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"Canadian Telegraphic Overview"
Announced 13 March 1901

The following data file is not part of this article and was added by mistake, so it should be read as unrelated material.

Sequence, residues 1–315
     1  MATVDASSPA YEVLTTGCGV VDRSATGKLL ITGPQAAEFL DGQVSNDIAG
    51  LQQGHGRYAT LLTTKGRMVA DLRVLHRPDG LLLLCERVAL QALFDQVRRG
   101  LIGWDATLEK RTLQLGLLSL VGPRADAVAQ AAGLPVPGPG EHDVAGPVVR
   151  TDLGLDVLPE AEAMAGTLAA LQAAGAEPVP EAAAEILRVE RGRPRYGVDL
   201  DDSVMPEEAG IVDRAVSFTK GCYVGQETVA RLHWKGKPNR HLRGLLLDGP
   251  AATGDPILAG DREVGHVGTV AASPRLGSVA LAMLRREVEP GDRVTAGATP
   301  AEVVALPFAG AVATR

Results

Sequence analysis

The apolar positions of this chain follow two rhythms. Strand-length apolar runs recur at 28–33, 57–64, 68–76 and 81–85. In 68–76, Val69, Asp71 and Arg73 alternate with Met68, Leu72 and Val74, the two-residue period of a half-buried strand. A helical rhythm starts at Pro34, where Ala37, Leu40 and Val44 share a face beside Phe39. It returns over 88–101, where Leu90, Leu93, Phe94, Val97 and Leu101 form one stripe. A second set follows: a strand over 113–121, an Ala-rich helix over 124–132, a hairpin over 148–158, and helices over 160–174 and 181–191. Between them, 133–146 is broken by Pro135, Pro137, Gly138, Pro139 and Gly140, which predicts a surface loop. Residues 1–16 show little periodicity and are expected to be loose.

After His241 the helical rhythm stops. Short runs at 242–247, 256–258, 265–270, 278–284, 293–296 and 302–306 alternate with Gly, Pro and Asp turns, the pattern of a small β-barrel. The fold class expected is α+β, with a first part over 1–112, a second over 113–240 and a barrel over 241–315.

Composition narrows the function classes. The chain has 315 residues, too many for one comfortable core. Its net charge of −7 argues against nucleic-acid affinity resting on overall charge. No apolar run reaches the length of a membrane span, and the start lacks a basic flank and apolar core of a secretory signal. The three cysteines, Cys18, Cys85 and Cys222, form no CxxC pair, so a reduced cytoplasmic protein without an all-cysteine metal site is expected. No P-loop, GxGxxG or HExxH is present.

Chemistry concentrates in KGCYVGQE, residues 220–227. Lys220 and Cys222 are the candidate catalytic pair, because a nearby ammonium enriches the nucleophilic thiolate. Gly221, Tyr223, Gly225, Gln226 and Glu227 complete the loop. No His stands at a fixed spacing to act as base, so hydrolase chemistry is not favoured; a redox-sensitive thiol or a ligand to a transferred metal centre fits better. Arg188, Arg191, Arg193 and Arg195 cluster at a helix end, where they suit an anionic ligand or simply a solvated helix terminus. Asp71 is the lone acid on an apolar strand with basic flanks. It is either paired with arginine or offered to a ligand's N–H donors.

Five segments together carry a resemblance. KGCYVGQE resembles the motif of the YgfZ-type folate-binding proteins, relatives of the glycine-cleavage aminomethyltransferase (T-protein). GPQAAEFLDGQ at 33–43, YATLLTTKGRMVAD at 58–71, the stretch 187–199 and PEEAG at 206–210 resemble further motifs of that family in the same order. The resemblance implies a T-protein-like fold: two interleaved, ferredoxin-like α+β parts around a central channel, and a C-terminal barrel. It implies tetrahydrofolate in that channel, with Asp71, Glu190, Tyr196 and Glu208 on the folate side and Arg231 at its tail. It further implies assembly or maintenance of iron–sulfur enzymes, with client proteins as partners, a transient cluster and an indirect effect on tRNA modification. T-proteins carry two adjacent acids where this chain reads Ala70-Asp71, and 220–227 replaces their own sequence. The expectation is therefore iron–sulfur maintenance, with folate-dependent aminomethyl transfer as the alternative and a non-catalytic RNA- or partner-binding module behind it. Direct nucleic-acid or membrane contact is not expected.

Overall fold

The Canadian Telegraphic network began fifty-four years [see Note below] ago when a line was established between Quebec and Toronto. The mileage of Canadian telegraphs today is something just over 35,057 miles: 18,286 miles of which are controlled by the Great Northwestern Telegraph Company, 8,886 miles by the Canadian Pacific Telegraph Railway Company [sic], 4,973 miles by the Dominion Government Telegraph, and 2,912 miles by the Western Union Telegraph Company operating in the Maritime Provinces. It is calculated that this represents some 86,000 miles of wire, and more than 2,700 telegraph offices. With the exception of the Yukon telegraphs and the extension on the north shore of the St. Lawrence River towards Belle Isle, the lines included in the Canadian Government Telegraph Service were almost all established and equipped between the years 1880 and 1882. Three years ago, contracts were given for the supply of poles and for construction of the land line to connect with the proposed cable to Belle Isle off the Labrador coastline. But for the loss of the Government cable steamer last fall this cable would have been laid. When completed, it will practically reduce navigation between Canada, Britain and Europe to three days, the Oceanic distance being reckoned from land to land where passengers can be placed in communication with the world. This will be effected when steamships can receive and send telegraphic messages to and from Belle Isle. NOTE: This makes the year 1847 and in no way does this news article mention Canada's FIRST telegraphic company, The Toronto Hamilton Niagara & St. Catharines Telegraph Company. This company opened for business on 26 December 1846 (incor: 22 October 1846). The company reference in the news article is the Montreal Telegraph Company.